In the embodiment illustrated, a shielded grounding path is also provided in the connector. The insulated body 14 of the receptacle assembly 10 has affixed to it an externally threaded metallic bushing 60. The bushing 60 forms the exterior of the leading portion of the receptacle assembly 10, and has an integral flange 62 to which a shielded ground conductor (not shown) is electrically connected.
The plug assembly 12 also includes, in addition to the female contact pin 30 and the first dielectric sleeve 32, other elements for housing these elements and for retainihg the plug and receptacle assemblies 10 and 12 in connection. The female contact pin 30 terminates at its root end in an enlarged-diameter portion 70, at which electrical connection is made with the cable 20'. The non-resilient dielectric sleeve 32 is dimensioned to surround the pin 30 closely, including the enlarged-diameter portion 70. The non-resilient dielectric sleeve 32 has its internal diameter further enlarged, as shown at 74, to surround an end portion of the cable 20', but leaving an annular gap between itself and the cable . This gap is filled by a resilient seal 76, preferably of a silicone rubber material, and having raised annular portions 78 on its exterior surface. The seal 76 has an integral, outwardly extending end flange 80, which overlaps the end of the first dielectric sleeve 32, at its enlarged-diameter Portion 74. The dielectric sleeve 32 also has two external diameter changes, a first enlargement in diameter forming an external shoulder 82 near the root of the female contact pin 30, and a second diameter enlargement forming another external shoulder 84 to the rear of the first external shoulder 82.
The first dielectric sleeve 32 is installed in a metallic cylindrical housing 86, having essentially the same diameter internally as the external diameter of the enlarged portion 74 of the first dielectric sleeve 32. The metallic housing 86 has an integral end flange 88 at its forward or leading end, extending inwardly over the external shoulder 84 of the dielectric sleeve 32, and also extending outwardly for a short distance. The housing 86 is internally threaded at its rearward end to receive a correspondingly threaded plug 90, which functions to retain the non-resilient dielectrical sleeve 32 in position by urging it against the inwardly projecting portion of the housing flange 88. The seal 76 is also held in position by the plug 90 as it bears down on the flange 80 of the seal. An annular spacer 92 may be included between the plug 90 and the flange 80 of the seal 76.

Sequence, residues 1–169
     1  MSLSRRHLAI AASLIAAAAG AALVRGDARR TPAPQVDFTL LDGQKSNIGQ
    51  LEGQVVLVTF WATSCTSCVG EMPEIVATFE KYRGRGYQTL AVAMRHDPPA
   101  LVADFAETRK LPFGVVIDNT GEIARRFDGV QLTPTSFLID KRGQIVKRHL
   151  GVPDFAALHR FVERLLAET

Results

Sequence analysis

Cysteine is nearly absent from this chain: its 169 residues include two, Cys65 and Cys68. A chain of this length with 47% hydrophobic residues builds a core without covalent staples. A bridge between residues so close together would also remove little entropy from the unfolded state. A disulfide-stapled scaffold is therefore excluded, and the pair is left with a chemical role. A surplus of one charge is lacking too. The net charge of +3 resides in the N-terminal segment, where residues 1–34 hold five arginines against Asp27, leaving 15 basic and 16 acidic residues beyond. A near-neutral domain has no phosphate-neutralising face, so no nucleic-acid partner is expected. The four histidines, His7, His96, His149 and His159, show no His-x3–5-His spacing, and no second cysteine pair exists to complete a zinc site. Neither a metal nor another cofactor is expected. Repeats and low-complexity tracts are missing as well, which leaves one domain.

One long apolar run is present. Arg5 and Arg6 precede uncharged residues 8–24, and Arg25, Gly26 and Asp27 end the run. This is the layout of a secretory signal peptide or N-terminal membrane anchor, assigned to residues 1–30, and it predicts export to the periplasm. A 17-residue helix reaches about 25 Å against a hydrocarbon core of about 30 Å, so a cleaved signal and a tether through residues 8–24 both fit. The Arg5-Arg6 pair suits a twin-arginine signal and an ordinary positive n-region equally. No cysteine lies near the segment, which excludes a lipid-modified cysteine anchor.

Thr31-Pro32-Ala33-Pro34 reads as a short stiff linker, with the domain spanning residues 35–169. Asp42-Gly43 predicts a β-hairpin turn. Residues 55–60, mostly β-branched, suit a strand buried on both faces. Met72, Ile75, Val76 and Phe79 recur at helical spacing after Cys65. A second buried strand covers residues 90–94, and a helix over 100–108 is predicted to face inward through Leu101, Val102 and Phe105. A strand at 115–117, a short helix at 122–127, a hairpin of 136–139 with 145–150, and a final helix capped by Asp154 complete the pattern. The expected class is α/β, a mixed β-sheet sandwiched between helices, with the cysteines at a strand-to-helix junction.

Finally, the connector includes a lock nut 96 having an internally threaded forward end 98, and an internally flanged rear end portion 100, which is retained between the housing flange 88 and a snap ring 102 installed around the housing 86. The lock nut 96 engages the threaded portion of the bushing 60 on the receptacle assembly 10, and retains the plug assembly 12 in connection with the receptacle assembly. A resilient annular seal 104 is installed between the leading edge of the insulated body 14 and the external shoulder 82 of the first dielectric sleeve 32, to complete sealing of the connector.
FIG. 4 is a longitudinal cross-sectional view of an alternative connector embodiment, which includes multiple pairs of mating electrical contacts. Two such pairs of contacts are depicted. It will be noted that the various elements associated with each pair of contacts are substantially identical in structure and function to the elements depicted in the single-pin connector of FIG. 1. The elements of FIG. 4 that are duplicated for the two pairs of contacts are identified by the same reference numerals as the corresponding elements of FIG. 1, but with the added suffix a or b.
It will be appreciated from the foregoing that the present invention represents a significant improvement in high-voltage electrical connectors. In particular, the invention provides a connector from which atmospheric air is essentially excluded by an arrangement of dielectric seals that also allows for convenient coupling and uncoupling without excessive wear. It will also be appreciated that the invention is equally applicable to multi-pin connectbrs, and to both shielded and unshielded connectors, and that various other modifications may be made without departing from the spirit and scope of the invention. Accordingly, the invention is not to be limited except as by the appended claims.
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|U.S. Classification||439/281, 439/274|
|Feb 2, 1990||FPAY||Fee payment|
Year of fee payment: 4
|Jan 25, 1994||FPAY||Fee payment|
Year of fee payment: 8
|Feb 2, 1998||FPAY||Fee payment|
Year of fee payment: 12